Nevertheless, for anyone who believes in the value of the Union, there is no room for complacency looking forward. Salmond is clearly banking on a Tory victory in the general election to boost support north of the border for his separatist plans. Polling figures indicate a potentially massive swing in Scotland towards separation should the Tories regain power at Westminster. One poll a year ago showed over a 20 point swing towards independence should the Tories take power in London.

    This is not surprising when you look at Scottish voting preferences – even today, when there has been a significant swing to the Tories across much of England and Wales, Scots still retain strong support for Labour. A poll for the Daily Record a few weeks ago had Labour 21 points ahead of the Tories – basically showing no decline at all since 2005. Last week’s Telegraph poll confirmed that Labour are experiencing a “sharp revival in its fortunes north of the border” with their support on 39%. The Tories, according to the Telegraph, are flatlining on 18%. As Conservative Home’s Tim Montgomerie puts it, the ‘Cameron effect’ simply doesn’t exist north of the border.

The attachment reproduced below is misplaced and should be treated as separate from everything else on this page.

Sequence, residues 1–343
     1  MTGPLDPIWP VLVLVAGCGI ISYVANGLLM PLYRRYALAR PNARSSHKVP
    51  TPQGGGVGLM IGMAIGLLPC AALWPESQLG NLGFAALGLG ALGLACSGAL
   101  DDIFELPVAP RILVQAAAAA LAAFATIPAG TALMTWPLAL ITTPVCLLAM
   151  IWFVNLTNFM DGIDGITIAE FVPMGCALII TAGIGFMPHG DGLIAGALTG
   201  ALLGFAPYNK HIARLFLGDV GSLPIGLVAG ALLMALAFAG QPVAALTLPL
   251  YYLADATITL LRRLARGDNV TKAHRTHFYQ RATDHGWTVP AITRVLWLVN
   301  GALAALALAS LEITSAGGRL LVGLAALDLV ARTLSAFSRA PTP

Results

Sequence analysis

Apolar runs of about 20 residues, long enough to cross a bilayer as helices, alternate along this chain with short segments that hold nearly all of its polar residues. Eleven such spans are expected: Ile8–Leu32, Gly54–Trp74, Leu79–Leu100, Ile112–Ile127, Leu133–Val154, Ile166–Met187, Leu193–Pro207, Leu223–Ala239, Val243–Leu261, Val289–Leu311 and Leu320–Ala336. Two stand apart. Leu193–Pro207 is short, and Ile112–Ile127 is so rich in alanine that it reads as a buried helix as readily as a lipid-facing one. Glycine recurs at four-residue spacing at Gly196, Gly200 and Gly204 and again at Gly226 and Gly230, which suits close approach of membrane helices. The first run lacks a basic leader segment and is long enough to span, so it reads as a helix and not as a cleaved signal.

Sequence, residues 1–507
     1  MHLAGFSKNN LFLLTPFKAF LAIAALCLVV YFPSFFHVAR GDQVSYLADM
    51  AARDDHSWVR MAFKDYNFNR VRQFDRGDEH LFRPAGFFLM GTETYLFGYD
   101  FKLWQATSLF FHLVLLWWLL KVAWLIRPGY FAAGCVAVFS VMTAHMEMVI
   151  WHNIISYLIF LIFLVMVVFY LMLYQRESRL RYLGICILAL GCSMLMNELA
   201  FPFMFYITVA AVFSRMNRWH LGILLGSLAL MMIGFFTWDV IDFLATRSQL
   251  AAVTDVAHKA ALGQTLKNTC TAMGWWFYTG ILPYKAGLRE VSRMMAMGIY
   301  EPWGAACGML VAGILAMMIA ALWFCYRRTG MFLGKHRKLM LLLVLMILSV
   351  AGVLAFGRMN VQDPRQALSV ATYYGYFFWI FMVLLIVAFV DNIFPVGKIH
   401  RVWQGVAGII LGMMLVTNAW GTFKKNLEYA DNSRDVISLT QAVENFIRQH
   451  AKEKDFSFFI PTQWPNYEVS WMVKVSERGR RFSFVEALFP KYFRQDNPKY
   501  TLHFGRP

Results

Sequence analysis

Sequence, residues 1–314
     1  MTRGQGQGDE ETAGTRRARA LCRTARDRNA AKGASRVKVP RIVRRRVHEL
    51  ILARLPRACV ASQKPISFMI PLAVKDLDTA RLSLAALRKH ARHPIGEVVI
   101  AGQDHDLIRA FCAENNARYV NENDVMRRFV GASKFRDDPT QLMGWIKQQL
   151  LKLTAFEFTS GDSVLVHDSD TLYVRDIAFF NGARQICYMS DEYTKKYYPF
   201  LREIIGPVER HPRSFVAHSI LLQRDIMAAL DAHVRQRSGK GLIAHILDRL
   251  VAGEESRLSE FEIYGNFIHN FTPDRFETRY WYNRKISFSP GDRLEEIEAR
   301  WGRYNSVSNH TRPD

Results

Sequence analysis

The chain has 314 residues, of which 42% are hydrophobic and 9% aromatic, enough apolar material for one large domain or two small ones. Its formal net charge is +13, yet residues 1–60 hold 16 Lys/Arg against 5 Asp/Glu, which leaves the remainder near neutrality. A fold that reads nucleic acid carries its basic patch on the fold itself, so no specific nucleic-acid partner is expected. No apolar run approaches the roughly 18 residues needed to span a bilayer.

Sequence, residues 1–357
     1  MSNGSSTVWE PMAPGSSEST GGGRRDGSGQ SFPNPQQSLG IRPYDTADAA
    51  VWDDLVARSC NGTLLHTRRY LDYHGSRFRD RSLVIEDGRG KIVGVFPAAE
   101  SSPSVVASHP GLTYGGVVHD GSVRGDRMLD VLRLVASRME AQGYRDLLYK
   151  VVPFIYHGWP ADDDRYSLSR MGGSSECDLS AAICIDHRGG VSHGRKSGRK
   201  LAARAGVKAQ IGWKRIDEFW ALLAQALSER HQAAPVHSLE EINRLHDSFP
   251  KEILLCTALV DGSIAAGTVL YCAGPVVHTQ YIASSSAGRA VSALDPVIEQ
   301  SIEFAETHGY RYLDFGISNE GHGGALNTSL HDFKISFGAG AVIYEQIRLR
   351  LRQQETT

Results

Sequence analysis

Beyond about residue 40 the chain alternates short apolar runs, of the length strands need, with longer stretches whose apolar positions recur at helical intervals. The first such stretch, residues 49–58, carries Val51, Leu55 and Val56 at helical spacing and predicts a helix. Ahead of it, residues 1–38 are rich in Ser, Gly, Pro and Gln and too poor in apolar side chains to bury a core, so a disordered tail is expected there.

UK-wide, the polls have been narrowing in recent weeks. Two recent polls, in the Observer ten days ago and in yesterday’s Independent, are now pointing squarely towards a hung parliament. A Tory majority – especially a large one – no longer seems the slam-dunk certainty it did a few months back. Nevertheless, it still seems likely that Cameron will be residing in Number Ten this time next year.

    Any incoming Tory government will be faced with a difficult challenge to see off the separatist threat. For if they act according to instinct they may well play straight into the hands of the separatists. Salmond’s game plan goes something like this: launch independence white paper and use it as the SNP platform for the general election, wait for the Tories to get into power in Westminster (probably with less than one in five of Scottish votes and at best a small handful of Scottish MPs), pick a fight with them over something serious – say the financial proposals set out in the Calman Report, or George Osborne’s harsh public sector austerity measures – and use this fight to tell Scots that only through full separation and independence can they have the power to decide their own future (and be rid of the unpopular Tories to boot).

    The ‘independence-light’/’devolution max’ option which Salmond proposes is almost as dangerous as full separation. It seems designed as a fallback for Scots not ready to move to full separation, but which, if passed, would ultimately achieve the same end result. Retaining just the Monarchy, the Pound and the Army in common with the rest of the Union is scarcely devolution at all – it almost has more in common with a kind of 21st century ‘dominion status’ a la the Irish Free State in 1923. No other federal Commonwealth country – even Canada with Quebec – would countenance anything like this level of separation while remaining a titular part of a federal system.